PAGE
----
Comments on: UNSET! is not first class

Carl Sassenrath, CTO
REBOL Technologies
5-May-2010 19:54 GMT

Article #0318
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It's important to understand the unset! datatype; otherwise, we run the risk of assuming that it is first class (assignable, passable, returnable) when it's really not intended for that kind of usage!

Unset comes into existence from the simple fact that a value slot in any context must be set to something -- it just can't contain random memory garbage.

The alternative to this method would be to mark the word slot as unset, but that's not a viable solution because we allow direct access to context value spaces with the get, set, values-of and other functions (e.g. in R3 with foreach.)

In addition, there's a benefit to unset! not being first class: it forces errors for appropriate conditions such as usage of uninitialized variables. We want that to happen.

With this in mind, it's not a good idea to allow unset! to pass innocently though most function interfaces. While we do provide a small number of very special exceptions such as get/any or defining it as an accepted type for a lit-word function argument (to make a mild level of console-based optional arguments possible, such as help.)

So, if you find I'm not enthusiastic about extending mezz functions to accept unset! values, you now know why. If you really think such a change is needed, you'll need to write a short explanation for why the exception is required. I'm pretty open minded, but just because we can do something does not mean we should do it.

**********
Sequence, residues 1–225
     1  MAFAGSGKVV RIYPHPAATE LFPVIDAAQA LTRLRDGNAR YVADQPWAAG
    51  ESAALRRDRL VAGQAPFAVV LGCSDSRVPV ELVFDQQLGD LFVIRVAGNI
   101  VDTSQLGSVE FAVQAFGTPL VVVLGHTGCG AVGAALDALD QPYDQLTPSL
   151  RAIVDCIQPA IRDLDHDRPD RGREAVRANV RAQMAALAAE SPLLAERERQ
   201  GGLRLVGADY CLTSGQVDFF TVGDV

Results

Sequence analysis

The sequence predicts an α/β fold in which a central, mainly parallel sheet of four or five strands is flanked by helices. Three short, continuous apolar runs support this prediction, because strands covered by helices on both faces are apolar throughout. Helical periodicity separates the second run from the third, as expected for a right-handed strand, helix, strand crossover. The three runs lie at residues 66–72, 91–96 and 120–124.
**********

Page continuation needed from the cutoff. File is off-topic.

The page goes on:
Brian Hawley
5-May-2010 17:52:31
Note that there are already some exceptions that have been added or left in when they are really helpful. For example: The =, == and =? operators accept unset values for their left argument, as a side-effect of op! evaluation; this exception was left in to make some low-level code easier and faster to write, particularly mezzanine functions like load.

For the most part it's considered a feature for unset values to be caught, so don't lightly push for more exceptions. Those errors are your friends :)

6-May-2010 4:56:41
Is there really a reason to expose the unset! type at all?

(I also still like the idea we discussed during the 2004 DevCon about setting "unset" words to errors and making errors word-active; but, it's probably simpler to just never return unset! to the user.)

7-May-2010 3:10:49
If this article is about you not willing to make #[unset!] "more first class" than it already is, then I do agree with you (otherwise, the sense of introducing #[unset!] to REBOL would approach zero).

Ironically, #[unset!] is currently first-class enough to be:

* assignable using set/any

* passable to some natives, and to all functions/closures the user designs to accept it

* returnable from some natives (e.g. print) as well as from all functions/closures using exit, return, and even from functions not using either of these

Taking all these properties into account, my opinion is, that functions declaring to handle all REBOL values have to handle #[unset!] too.

7-May-2010 3:13:40
Just a clarification, the above contribution means, that e.g. my identical? has to handle it, not that any of natives/mezzanines not handling it should do it too.

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